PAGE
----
Everyone’s career path is different. We all take different routes — determined by the choices we make and the people we meet. My path began with a quest for knowledge and an insatiable curiosity that eventually landed me in a fire department while in college and progressed to owning my own business. I’ve been lucky enough to meet a series of mentors and teachers who helped me learn from their mistakes and successes, and their guidance has shaped my path in life.

Mentoring session
photo credit: Gvahim / Flickr

In fact, if I hadn’t had these mentors, I may never have started my own business. This is how my company and I progressed through each stage — and these are the people I leaned on along the way:

1. The Friend Who Helped Me Realize My Potential

When I was in college, a friend told me that I should work at his new check-processing company as a sales representative. He thought I would be good at it; because I was living on about $400 per month, I decided to give it a shot.

Six weeks later, I was hooked. My friend was right — I was good at finding and bringing in accounts. Sometimes, it’s hard to see your potential or decide on an area to specialize in, so when someone close to you gives you an outside perspective on your skill set, listen.

2. The Mentor Who Pushed Me to Take the Leap

I really got into the check business and wanted to find a way to become more profitable, so I began considering going off on my own. The only problem was that I was terrified — which I confided to Jean-Pierre, my friend, over dinner one night.

He wouldn’t hear it, and he pushed me to go for it. Jean-Pierre helped me make the transition, and he continued to mentor me afterward. He came to my meetings and helped me make important decisions to get my business off the ground, even though he was going through a difficult time himself.

Having someone who not only sees your potential, but also provides you with the push you need to move forward, is valuable to any young entrepreneur.

3. The Person I Wanted to Be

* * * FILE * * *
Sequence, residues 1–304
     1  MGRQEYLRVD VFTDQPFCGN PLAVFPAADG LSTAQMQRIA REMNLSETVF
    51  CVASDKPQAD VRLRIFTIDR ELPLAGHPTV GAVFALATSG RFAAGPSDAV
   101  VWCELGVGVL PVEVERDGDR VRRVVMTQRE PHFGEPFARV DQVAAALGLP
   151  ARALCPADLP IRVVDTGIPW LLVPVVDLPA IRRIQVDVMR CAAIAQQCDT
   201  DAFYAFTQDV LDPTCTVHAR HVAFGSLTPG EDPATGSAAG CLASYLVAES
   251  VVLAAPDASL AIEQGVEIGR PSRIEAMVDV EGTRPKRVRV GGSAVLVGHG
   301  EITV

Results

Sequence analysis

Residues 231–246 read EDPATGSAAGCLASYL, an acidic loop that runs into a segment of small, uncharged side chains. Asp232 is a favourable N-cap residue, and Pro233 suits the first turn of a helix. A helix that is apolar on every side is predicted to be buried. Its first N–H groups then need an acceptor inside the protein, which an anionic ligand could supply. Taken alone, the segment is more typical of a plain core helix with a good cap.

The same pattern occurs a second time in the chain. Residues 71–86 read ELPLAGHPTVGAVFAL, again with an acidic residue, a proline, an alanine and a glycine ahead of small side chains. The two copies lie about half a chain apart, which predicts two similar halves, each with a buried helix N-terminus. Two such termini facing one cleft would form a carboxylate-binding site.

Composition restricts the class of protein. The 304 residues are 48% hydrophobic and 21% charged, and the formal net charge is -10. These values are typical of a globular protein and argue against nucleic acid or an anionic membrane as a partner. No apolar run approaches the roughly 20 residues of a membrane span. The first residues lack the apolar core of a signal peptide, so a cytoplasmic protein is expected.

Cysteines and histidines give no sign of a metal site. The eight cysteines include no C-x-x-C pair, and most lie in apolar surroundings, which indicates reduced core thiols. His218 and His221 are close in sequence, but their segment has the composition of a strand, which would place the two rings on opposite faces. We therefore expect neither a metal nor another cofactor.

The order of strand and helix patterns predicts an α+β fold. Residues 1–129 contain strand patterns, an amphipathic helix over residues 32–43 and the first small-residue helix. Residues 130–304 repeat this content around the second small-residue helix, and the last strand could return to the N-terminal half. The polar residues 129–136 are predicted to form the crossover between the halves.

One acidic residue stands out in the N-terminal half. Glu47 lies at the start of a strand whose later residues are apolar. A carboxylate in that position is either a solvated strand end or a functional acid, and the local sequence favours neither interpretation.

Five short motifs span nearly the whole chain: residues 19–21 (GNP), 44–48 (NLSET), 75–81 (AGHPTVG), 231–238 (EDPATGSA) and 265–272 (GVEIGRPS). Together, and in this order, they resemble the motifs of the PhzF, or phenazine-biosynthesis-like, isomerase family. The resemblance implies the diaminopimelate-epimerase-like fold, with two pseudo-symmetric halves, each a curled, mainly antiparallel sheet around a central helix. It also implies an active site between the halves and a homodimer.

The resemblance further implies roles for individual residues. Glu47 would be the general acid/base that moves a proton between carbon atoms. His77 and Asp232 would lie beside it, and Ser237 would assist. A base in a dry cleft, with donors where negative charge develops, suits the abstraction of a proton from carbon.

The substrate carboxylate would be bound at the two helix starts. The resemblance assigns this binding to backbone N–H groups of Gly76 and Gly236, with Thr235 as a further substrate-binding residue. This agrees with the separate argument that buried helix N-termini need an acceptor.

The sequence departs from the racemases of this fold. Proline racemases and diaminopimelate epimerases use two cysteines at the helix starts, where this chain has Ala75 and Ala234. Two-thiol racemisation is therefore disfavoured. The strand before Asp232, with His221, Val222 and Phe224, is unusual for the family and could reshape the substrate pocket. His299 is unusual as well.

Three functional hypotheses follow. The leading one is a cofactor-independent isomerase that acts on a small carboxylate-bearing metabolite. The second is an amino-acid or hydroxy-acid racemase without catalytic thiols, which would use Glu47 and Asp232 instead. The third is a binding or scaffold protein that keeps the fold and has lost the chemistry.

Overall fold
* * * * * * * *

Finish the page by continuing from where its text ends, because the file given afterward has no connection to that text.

In a lot of ways, mentors are role models. They’re people you emulate, whether that’s in business, in life, or both. I look for people who are far better than me, and I follow them. Jean-Pierre is one example, but there have been others along the way — people I don’t necessarily have relationships with but am inspired by.

This could be anyone from major players like Richard Branson and Arianna Huffington to a local business leader in your tight-knit community. And don’t assume that your mentor has to be a retired industry veteran. In fact, it’s sometimes better if he’s not. That way, you know that his advice is still relevant.

Arianna Huffington
Arianna Huffington – photo credit: Communitech Photos / Flickr

Seeking Out a Sensei

When I started my business, I was trying to do too many things at once, and I had no idea how to venture out on my own. These mentors gave me the confidence, security, and belief that anything was possible, and in my opinion, these are the mentors every entrepreneur needs. But how do you find them?

First, you have to be open to opportunity; then, you need to know who you’re looking for. Most of the mentors I’ve had haven’t been famous. They’re quiet and humble, but they’re masters at their work. I found them in odd places, but I wouldn’t have found them at all if I weren’t open to learning.

Approach someone you respect, and ask for advice. Go to awkward networking events, and step out of your comfort zone — at the very worst, you’ll get free food and drinks. By simply opening your mind to learning from people, you’ll be well on your way to finding the perfect mentor.

Look for these qualities in the people you meet:

  • Authenticity: Notice that I didn’t say “hype.” Put marketing aside, and look for a mentor who knows what he’s doing. Look for authenticity and experience, not bravado.
  • Mastery: Seek out people who have mastered their craft. Too many people jump into an industry headfirst with a arrogant attitude that will get them nowhere — they’re the same people who are given certificates after one seminar and think they’re industry experts. If you really want to learn something, go after people who’ve honed their craft over several years, not several hours.
  • Sincerity: You want someone who cares about you so much that he’s not afraid to call you out when you need it. A lot of mentors are too soft in their approach, constantly patting mentees on the back. But pats on the back won’t help you grow. I hardly ever got compliments from my teachers; when I did, I knew they meant something.

A good mentor is hard to find, but when you have one, stick with him. After all, he’s taking a genuine interest in your success. But remember that mentorship is a two-way relationship: He’s learning from you, too, because when you teach something, you learn it twice. As I continue to grow in my career, I hope to pay it forward by learning a little more.